The United States’s Nationally Determined Contribution (NDC) to the 2015 Paris climate accord committed to reducing greenhouse gas emissions to 26–28% below 2005 levels by 2025 and with a longer-term target of reducing emissions to 80% below 2005 levels by 2050 (United States of America 2015).^{1} This vignette will compare what these goals imply for rates of improving energy efficiency and transitioning from fossil fuels to clean energy sources. The methods will follow Roger Pielke, Jr.’s approach for both bottom-up and top-down analysis (Pielke 2009b, 2009a, 2010, 2011).

Pielke’s analysis rely on the Kaya identity: \[ F = P \times g \times e \times f, \] where

*F*is energy-related CO_{2}emissions (here, measured in billions of metric tons),*P*is the population in billions,*g*is per-capita GDP (here, measured in thousands of dollars),*e*is the energy intensity of the economy (here, measured in quads of primary energy consumed per trillion dollars of GDP^{2}),- and
*f*is the carbon intensity of the energy supply (here, measured in millions of metric tons of CO_{2}per quad).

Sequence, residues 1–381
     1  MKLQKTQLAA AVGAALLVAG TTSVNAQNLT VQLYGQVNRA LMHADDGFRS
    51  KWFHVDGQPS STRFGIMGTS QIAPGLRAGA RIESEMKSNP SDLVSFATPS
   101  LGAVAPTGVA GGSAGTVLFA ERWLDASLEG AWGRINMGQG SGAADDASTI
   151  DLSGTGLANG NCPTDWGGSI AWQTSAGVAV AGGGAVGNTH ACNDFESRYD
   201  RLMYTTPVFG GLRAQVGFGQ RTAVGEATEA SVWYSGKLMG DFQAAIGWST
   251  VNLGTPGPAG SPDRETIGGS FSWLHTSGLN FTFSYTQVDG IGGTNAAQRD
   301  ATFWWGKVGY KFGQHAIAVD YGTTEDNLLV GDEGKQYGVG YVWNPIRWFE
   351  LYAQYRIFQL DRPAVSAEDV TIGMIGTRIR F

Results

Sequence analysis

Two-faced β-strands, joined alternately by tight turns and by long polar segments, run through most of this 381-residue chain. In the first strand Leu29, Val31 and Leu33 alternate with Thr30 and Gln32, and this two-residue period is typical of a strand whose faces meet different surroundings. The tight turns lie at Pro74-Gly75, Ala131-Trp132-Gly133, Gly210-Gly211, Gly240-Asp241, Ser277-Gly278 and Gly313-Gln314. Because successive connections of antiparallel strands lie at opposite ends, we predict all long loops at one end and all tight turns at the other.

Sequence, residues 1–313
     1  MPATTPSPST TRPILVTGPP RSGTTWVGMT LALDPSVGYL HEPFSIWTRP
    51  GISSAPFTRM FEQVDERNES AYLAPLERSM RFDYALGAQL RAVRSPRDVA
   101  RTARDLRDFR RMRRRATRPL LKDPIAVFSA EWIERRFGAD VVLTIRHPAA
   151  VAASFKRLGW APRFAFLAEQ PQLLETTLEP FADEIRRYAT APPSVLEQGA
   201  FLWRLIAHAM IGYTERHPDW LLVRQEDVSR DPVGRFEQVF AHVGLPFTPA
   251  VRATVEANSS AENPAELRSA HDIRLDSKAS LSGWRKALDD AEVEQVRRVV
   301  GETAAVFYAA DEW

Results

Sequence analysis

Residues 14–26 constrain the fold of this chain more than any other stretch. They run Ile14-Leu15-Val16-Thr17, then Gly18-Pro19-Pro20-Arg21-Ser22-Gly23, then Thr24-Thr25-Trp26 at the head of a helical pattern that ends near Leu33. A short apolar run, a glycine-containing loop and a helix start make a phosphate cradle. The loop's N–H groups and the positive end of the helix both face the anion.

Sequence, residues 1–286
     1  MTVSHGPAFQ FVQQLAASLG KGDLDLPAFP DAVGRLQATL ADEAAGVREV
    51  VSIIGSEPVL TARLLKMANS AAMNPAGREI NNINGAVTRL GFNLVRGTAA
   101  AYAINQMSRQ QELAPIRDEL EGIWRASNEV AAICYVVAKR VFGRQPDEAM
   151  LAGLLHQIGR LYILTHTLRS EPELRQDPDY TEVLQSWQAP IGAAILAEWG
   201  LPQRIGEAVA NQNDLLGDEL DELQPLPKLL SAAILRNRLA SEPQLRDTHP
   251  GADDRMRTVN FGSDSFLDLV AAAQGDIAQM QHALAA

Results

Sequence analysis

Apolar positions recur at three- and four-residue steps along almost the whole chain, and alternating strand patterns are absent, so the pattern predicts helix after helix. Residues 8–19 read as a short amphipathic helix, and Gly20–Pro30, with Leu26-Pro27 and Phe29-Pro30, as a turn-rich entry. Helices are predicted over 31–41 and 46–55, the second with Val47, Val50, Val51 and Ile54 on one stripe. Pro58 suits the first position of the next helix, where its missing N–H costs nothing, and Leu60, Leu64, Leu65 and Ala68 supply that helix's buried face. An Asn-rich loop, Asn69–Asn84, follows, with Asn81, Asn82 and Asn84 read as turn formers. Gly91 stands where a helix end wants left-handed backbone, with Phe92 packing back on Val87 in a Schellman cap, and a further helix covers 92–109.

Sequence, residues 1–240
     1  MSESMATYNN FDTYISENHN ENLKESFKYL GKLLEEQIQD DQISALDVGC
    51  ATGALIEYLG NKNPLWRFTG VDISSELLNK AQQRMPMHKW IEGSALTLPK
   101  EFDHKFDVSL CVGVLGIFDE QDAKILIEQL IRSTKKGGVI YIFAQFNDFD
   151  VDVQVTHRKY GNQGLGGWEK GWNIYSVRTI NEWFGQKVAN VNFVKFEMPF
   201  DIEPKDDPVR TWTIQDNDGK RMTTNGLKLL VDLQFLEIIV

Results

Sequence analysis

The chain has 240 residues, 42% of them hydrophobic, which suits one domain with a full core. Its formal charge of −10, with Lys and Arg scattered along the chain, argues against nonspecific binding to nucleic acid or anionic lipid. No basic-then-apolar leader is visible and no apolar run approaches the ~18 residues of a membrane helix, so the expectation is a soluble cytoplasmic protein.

Pielke begins his bottom-up analysis by examining projections of future population and per-capita GDP. In this vignette, I develop those projections not from demographic and economic models, but simply by extrapolating from recent trends.

Begin by loading historical values of the Kaya identity parameters for the United States:

```
suppressPackageStartupMessages({
library(magrittr)
library(dplyr)
library(stringr)
library(tidyr)
library(purrr)
library(broom)
library(knitr)
library(scales)
library(kayadata)
})#> Warning: package 'tidyr' was built under R version 4.0.4
#> Warning: package 'broom' was built under R version 4.0.4
<- get_kaya_data("United States") kaya
```

Let’s start by looking at trends in *P*, *g*, *e*, and *f* starting in 1990. I plot these with a log-scale on the y-axis because a constant growth rate produces exponential growth, so it should look linear on a semi-log plot.

```
plot_kaya(kaya, "P", log_scale = TRUE, start_year = 1990, trend_line = TRUE, points = FALSE) +
theme_bw()
#> `geom_smooth()` using formula 'y ~ x'
```

```